By Elaine S. Povich
WWR Article Summary (tl;dr) Many states have had a difficult time regulating and taxing the short-term rental industry. Some big cities see short-term rentals as a threat to the rental market while other cities see them as a potential source of income.
Jeannette Belliveau lives with her dog and two cats in a 19th century house in the Upper Fells Point section of Baltimore, not far from Johns Hopkins Hospital, and rents out a couple of rooms for short-term stays to make a living.
In other parts of the city, Al Hallivis, a real estate investor and single dad, owns a half-dozen houses that he also rents by the night.
A few miles toward the city’s picturesque harbor, a variety of hotels offer traditional overnight stays.
All three models cater to Baltimore visitors, but that’s where the similarity ends.
Belliveau, Hallivis and hotels have different business models, different perspectives and different agendas. These competing constituencies help account for the difficulty states have had in regulating and taxing the short-term rental industry, even as some cities have taken action to regulate short-term rentals.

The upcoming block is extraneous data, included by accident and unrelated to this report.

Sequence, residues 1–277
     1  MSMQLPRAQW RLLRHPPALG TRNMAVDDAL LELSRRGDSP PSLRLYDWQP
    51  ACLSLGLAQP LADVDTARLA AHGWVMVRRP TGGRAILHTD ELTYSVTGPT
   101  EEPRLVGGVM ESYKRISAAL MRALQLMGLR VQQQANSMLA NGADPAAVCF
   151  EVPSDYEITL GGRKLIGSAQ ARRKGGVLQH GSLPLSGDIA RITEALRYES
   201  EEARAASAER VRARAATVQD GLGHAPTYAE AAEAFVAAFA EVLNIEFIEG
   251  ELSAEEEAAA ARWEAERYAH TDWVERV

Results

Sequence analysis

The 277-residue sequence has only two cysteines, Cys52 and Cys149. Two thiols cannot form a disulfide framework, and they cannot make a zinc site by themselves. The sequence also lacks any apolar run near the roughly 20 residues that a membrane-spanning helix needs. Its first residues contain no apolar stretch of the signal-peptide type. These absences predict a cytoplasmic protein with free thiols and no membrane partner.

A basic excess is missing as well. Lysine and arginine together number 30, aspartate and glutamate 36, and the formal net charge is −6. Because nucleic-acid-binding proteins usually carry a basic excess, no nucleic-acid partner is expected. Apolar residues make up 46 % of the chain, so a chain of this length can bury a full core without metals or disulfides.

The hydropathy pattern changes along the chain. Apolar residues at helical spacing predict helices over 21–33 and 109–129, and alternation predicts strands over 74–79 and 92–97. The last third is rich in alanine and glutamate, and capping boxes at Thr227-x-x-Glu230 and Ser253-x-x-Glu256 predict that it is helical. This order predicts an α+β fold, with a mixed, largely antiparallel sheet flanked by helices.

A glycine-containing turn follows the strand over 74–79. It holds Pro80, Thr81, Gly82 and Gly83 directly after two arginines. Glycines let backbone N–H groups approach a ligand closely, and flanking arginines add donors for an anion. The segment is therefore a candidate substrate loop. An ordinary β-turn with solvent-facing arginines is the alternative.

“One-size-fits-all state regulation may not always be the most appropriate policy response, and states may therefore choose to allow local governments to regulate,” said Kellen Zale, a law professor at the University of Houston who has done research on the short-term rental market.
Some big cities, such as New York, saw the short-term rentals as a threat to the rental market based on long-term leases, as well as to traditional hotels.
New York last year allocated extra funding to enforce a state law restricting rentals for fewer than 30 days unless the host is present and there are no more than two guests.
Other cities saw the short-term rentals as a potential source of income and sought to expand tourist or hotel taxes to the new schemes, with varying success.